In the fall of 2016, Mayor Jim Kenney made it official: Security officers guarding Philadelphia’s major educational and medical institutions would get the prevailing wage.
The law, introduced by Councilwoman Helen Gym in 2016, would be a significant gain for those workers, most of whom were making $7.25 — minimum wage — when they unionized in 2011.
But almost three years later — and more than three weeks since the July 1 deadline Kenney set — roughly 1,400 security guards still haven’t gotten the raise they were promised, according to SEIU 32BJ, the union that represents them. The union filed a complaint Monday with the city. Right now, many are paid the salary floor of $12 an hour. The union says they should be making $15 an hour.
Under the law, nonprofits including the University of Pennsylvania and Temple University are required to pay security officers the prevailing wage because the institutions get a longstanding discount on their city water bill — what is called the “charitable organization discount.” Penn, Drexel University, and Temple get annual water bill discounts of more than $100,000. Last year, the 25% discount earned Penn and its hospitals more than $2.2 million in water bill reductions, according to city records.
“Taxpayers’ dollars should not subsidize poverty wages,” Kenney said in February. His administration has passed a number of labor protection laws in the last three years, but has struggled to enforce them.
The city didn’t notify the nonprofits that the water discount triggered the prevailing wage law until February 2019, which is why Kenney set a July deadline for compliance, mayoral spokesperson Lauren Cox said.
About 400 security guards work at Penn’s buildings, which include its hospitals, and another 400 work at Temple and its hospitals. The union in its complaint said these institutions also are not paying security officers prevailing wage: Drexel University, Peirce College, St. Joseph’s University, and Philadelphia College of Osteopathic Medicine (PCOM).
Prevailing wage, set by the federal government, is $13.62 an hour for an unarmed security guard, plus $4.48 an hour in fringe benefits. The union calculated $15 by subtracting health-care benefits. Cox said any combination of wages and benefits can be paid as long as it meets the total package.
The city is working with these nonprofits to make sure they are complying with the law, Cox said. Some have indicated that they plan to discontinue the discount so they do not have to comply. She added that Penn workers are part of a collective bargaining agreement that predates the law, and that Penn indicated it would raise wages when the agreement was up for renewal. The contract expires in September 2020.
By way of enforcing this law, the city can revoke financial subsidies, but the Mayor’s Office of Labor has said it sees measures like those as a last resort.
Spokespersons for Penn and Penn Medicine said the institutions are "in compliance with the city’s applicable prevailing wage obligations.”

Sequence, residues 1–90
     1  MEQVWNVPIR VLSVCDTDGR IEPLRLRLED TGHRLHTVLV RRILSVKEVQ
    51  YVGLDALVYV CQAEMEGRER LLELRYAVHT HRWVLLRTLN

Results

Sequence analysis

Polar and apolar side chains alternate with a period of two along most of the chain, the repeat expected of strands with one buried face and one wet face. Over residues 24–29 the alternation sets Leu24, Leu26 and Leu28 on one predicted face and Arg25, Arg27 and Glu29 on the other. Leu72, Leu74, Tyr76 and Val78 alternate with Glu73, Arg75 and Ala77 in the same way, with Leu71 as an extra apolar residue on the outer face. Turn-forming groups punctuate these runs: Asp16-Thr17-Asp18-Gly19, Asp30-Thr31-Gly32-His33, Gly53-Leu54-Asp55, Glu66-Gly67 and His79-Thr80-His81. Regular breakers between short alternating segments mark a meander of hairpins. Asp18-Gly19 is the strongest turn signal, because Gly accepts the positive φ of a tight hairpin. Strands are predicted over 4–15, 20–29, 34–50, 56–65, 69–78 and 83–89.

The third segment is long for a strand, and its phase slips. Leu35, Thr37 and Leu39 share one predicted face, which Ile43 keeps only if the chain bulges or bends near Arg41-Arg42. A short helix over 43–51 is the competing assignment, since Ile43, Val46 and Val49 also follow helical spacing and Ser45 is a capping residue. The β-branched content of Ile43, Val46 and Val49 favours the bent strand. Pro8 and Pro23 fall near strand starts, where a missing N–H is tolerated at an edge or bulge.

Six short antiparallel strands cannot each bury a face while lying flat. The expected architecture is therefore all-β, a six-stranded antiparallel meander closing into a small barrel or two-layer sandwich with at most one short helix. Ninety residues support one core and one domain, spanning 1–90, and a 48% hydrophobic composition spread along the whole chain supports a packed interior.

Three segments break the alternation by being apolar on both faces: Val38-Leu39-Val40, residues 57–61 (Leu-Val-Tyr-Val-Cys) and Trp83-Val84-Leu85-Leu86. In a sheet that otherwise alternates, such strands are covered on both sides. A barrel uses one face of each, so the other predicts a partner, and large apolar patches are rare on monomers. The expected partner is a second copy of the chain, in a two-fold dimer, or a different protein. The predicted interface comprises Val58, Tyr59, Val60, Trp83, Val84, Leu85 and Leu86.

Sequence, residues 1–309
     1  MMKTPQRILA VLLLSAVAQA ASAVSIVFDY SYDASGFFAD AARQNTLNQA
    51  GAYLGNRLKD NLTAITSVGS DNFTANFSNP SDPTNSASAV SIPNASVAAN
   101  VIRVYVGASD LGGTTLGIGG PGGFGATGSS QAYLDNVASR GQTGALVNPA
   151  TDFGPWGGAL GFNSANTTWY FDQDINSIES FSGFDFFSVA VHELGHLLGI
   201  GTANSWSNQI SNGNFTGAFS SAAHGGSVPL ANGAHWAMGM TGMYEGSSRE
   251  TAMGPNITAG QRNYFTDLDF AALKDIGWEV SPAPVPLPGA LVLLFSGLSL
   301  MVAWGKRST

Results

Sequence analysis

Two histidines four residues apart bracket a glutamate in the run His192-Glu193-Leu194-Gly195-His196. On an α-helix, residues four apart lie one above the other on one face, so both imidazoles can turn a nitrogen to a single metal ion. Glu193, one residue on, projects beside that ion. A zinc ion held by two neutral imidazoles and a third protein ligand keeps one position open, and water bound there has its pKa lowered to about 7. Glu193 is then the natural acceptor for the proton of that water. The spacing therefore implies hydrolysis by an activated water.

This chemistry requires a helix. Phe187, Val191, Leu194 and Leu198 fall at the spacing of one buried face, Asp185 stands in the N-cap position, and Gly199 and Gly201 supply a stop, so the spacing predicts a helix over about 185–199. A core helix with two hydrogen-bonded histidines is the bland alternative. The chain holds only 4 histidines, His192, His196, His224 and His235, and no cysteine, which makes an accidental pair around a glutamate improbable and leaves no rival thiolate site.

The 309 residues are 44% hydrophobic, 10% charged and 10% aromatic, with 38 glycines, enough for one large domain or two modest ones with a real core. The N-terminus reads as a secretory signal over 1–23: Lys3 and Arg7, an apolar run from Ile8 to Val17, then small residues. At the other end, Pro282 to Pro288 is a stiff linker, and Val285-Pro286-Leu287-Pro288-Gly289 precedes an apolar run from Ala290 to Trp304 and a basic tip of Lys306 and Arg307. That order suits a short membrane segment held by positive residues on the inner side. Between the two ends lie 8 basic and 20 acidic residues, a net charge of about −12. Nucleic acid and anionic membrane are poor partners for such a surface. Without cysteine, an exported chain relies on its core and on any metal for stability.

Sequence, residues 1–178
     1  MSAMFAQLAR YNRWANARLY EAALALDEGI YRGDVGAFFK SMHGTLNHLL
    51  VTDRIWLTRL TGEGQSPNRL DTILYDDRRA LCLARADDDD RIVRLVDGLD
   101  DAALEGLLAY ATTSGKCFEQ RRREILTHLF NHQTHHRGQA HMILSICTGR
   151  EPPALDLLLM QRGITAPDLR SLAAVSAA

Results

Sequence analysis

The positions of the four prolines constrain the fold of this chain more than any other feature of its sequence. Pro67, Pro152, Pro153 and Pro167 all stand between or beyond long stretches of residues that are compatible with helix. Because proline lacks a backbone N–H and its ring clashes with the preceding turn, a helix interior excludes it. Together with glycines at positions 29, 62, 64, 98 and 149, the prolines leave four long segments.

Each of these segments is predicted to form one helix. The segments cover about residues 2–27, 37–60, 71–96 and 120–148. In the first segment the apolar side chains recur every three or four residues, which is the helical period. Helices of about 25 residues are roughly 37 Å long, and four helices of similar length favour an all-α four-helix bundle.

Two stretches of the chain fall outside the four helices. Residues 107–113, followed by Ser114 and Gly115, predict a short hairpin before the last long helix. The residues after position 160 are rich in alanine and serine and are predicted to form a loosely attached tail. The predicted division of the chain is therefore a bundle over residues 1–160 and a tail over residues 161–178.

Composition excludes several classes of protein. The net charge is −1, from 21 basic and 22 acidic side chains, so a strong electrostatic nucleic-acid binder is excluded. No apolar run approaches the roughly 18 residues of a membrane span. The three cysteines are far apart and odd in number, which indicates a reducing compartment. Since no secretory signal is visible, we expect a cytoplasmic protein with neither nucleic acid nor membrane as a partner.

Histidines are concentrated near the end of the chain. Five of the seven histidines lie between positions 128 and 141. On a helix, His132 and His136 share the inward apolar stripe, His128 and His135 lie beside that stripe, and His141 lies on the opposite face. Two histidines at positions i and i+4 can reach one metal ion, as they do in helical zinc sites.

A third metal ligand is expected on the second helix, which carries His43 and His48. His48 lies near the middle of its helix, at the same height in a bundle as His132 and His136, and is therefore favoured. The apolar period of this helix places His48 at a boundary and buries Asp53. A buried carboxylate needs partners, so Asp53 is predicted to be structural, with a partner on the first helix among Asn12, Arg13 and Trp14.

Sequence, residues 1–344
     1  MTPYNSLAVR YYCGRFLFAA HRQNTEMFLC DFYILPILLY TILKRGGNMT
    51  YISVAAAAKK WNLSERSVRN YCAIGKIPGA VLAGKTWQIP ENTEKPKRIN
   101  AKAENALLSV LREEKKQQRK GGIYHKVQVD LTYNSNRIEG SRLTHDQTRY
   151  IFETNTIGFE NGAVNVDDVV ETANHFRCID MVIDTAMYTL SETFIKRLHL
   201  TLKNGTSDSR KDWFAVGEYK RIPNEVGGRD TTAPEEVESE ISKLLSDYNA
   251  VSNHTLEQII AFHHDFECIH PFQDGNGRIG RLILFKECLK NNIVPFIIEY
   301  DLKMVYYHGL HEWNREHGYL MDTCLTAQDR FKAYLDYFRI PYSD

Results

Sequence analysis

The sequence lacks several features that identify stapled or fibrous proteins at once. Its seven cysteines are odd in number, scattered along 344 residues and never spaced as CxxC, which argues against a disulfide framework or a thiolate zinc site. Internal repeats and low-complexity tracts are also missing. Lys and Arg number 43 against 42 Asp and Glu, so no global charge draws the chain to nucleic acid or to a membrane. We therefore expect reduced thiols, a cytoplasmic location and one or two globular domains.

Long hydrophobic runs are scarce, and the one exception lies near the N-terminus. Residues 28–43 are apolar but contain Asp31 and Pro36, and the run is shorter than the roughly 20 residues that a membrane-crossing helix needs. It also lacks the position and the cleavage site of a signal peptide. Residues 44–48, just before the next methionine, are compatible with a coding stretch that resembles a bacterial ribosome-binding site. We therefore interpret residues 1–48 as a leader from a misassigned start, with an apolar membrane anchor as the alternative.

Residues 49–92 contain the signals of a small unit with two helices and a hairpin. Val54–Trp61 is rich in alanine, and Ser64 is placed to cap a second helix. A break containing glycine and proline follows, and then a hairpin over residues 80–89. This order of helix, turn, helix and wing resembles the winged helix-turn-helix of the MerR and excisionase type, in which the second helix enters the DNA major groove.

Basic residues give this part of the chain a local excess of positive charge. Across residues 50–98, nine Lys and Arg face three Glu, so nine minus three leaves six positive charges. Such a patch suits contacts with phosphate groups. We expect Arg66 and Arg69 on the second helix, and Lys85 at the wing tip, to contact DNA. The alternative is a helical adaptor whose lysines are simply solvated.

Peirce College spokesperson Joseph Guzzardo said the college decided to end its water discount this year.
Temple University spokesperson Ray Betzner said that wage rates for contracted workers, such as security guards, are set by their employers and that Temple is working with the city to make sure it’s in compliance. PCOM spokesperson Renee Cree said the college was not involved in the process of setting wages for its security guards.
St. Joseph’s spokesperson Gail Benner said, “We continue to pay close attention to this and related workplace issues.” Drexel did not respond to a request for comment.
Most of these workers are employees of contractor Allied Universal. Allied spokesperson Vanessa Showalter said the company was following the collective bargaining agreements that are in place.
Enforcement as a campaign
Labor unions and advocates have ramped up campaigns to get Philadelphia to enforce its labor standards, especially as the city embarks on implementing Fair Workweek, a scheduling law that will apply to an estimated 130,000 service workers. This is not the first time 32BJ has used political pressure to get employers to comply with a city law. It was able to raise wages for workers in 2015 after getting American Airlines to write the wage increase into its agreement with the city.
The prevailing wage law applies to more than these security officers. But because the building service workers at subsidy-receiving universities, hospitals, and stadiums, as well as the Convention Center, Philadelphia International Airport, and the Philadelphia Regional Port Authority, do not have a union representing them, it’s unclear whether they’re receiving the prevailing wage.
Hadiyyah Edwards, an Allied security guard who just got transferred to Drexel from Hahnemann University Hospital, said making more money could mean she could afford her own housing.
Edwards, 28, who used to work as a certified medical assistant, recently moved in with her mom in West Oak Lane because she couldn’t afford the rising rent at her apartment. She makes $12 an hour and usually chooses to work more than 40 hours a week to make ends meet.
Working at Hahnemann meant she was on the front line of emergencies — fielding gunshot victims or pregnant women in labor. Once, she said, a woman miscarried in her arms.
“I don’t want our work to go unnoticed,” she said.
The Philadelphia Inquirer is one of 21 news organizations producing Broke in Philly, a collaborative reporting project on solutions to poverty and the city’s push toward economic justice. See all of our reporting at brokeinphilly.org.